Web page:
EGGS have become an important staple in our diet: a stabilizer in baked goods, an emulsifier in condiments, and of course, as a yummy breakfast food! In addition, they are a great source of protein and other important nutrients.
So, it can be quite disturbing to hear there is a massive egg recall. Running to check your eggs, fretting over whether the eggs you fed your kids yesterday morning were contaminated with salmonella, all can be very frightening.
Salmonella egg-testing by the U.S. Food and Drug Administration (FDA) has led to over a half-billion, multistate EGG RECALL by Wright County Egg in Galt, IA. Their eggs are distributed across California, Illinois, Missouri, Colorado, Nebraska, Minnesota, Wisconsin and Iowa and then sold nationwide. These eggs are sold under the BRAND NAMES: Lucerne, Albertson, Mountain Dairy, Ralph’s, Boomsma’s, Sunshine, Hillandale, Trafficanda, Farm Fresh, Shoreland, Lund, Dutch Farms and Kemps.
The recalled eggs have JULIAN DATES ranging from 136 to 225 and plant numbers 1026, 1413, and 1946. Beginning with the letter P, the dates and codes are stamped on the egg carton for example: P-1946 223.If you have suspicious eggs, be sure to throw them out or you can get a refund if the uneaten portion is returned in their original carton to the store where they were bought.
Salmonella can cause serious and sometimes fatal infections. SYMPTOMS typically occur within 72 hours of eating the contaminated product and include: fever, diarrhea, nausea, vomiting and abdominal pain. If you think you may have become ill from eating recalled eggs, please contact your health provider.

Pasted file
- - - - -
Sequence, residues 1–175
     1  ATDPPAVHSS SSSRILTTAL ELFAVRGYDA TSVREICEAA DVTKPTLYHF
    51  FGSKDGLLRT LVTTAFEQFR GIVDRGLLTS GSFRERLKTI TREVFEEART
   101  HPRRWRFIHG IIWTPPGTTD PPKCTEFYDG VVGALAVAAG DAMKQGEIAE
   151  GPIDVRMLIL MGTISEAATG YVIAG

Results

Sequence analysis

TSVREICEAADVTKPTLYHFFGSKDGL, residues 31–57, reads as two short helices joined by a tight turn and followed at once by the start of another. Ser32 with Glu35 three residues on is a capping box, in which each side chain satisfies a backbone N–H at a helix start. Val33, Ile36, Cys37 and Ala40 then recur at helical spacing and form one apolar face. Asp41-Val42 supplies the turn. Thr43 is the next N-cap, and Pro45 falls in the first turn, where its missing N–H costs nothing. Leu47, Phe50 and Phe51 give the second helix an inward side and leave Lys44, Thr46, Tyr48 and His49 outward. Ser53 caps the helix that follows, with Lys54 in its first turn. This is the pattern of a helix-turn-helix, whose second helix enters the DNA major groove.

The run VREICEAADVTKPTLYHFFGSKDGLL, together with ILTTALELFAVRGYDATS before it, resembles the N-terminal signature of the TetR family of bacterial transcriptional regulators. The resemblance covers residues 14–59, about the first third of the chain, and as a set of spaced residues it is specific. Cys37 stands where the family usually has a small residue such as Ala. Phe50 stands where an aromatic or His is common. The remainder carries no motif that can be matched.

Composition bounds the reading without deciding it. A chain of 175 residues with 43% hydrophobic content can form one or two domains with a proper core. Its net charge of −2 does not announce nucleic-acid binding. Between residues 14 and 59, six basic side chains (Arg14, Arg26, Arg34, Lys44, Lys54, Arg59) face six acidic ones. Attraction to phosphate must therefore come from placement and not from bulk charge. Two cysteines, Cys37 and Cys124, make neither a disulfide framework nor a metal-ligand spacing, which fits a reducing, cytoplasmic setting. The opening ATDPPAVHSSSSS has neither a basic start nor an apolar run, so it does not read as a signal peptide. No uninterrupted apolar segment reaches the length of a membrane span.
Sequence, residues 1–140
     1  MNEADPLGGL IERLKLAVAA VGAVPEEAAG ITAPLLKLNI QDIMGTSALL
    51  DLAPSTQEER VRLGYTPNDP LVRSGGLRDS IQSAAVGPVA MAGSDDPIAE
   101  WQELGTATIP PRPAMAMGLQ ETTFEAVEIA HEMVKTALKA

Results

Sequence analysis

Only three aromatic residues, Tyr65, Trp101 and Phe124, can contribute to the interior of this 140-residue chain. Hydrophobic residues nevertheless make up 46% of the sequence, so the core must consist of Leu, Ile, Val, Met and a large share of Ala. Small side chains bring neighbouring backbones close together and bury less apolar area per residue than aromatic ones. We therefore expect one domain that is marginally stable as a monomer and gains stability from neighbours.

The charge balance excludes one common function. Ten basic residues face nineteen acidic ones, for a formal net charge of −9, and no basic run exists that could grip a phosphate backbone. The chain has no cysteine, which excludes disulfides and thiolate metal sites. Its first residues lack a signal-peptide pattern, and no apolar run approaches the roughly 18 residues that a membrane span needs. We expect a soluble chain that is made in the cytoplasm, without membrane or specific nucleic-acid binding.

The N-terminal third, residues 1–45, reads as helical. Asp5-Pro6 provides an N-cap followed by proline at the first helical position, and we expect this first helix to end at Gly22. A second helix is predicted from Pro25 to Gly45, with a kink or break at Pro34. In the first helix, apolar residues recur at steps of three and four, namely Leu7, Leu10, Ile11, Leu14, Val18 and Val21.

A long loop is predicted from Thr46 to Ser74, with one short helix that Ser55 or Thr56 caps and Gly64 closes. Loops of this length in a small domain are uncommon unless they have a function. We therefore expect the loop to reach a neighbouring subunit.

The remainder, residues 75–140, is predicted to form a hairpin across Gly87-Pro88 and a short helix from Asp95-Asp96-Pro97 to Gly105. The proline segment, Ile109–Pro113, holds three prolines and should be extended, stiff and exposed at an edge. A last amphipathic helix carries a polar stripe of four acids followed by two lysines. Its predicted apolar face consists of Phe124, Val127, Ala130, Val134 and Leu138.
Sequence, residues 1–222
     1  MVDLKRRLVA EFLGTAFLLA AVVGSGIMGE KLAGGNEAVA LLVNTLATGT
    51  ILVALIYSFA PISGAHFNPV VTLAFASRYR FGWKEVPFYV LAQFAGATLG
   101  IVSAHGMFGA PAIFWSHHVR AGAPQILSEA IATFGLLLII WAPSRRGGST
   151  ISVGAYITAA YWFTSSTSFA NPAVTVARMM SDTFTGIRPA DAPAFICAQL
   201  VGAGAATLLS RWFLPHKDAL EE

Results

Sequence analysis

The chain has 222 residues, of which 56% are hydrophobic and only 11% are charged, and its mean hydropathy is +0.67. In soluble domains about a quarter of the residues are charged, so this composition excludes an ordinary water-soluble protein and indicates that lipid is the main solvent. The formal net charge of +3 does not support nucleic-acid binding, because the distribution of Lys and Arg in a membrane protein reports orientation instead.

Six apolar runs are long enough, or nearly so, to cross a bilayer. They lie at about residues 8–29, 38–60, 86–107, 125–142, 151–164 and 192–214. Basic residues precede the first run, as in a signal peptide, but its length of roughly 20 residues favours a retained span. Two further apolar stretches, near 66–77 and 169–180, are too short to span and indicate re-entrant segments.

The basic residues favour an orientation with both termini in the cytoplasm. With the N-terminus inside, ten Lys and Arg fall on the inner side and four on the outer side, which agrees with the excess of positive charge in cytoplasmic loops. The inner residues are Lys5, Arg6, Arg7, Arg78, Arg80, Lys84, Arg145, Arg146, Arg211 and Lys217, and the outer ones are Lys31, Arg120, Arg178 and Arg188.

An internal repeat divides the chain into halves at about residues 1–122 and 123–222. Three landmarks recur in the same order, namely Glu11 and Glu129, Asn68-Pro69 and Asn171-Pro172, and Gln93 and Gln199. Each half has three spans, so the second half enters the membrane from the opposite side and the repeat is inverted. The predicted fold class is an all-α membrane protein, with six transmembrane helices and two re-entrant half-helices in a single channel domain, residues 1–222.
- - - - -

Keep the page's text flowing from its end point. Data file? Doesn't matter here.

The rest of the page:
The Centers for Disease Control and Prevention (CDC) is working with public health partners and FDA to inspect the farms and determine the source of the contamination. Environmental measures are being taken to look into farm conditions and practices.
This recall does not mean we need to quit eating eggs all together. But there are a few steps we can take to keep from getting infected:
• Check your eggs! If your eggs have the plant number and date range mentioned above, throw them out or return them.
• Wash your hands thoroughly with soap and water after coming in contact with raw eggs.
• Do not eat cracked or open eggs
• Cook eggs thoroughly to where the white and yolk are both firm
• Eat cooked eggs immediately.
On a positive note, this egg scare is driving consumers to FARMER’S MARKETS. It may have taken a salmonella outbreak, but our LOCAL FARMERS are beginning to get some of the appreciation they deserve.
Research assistance provided by Ashley Ingram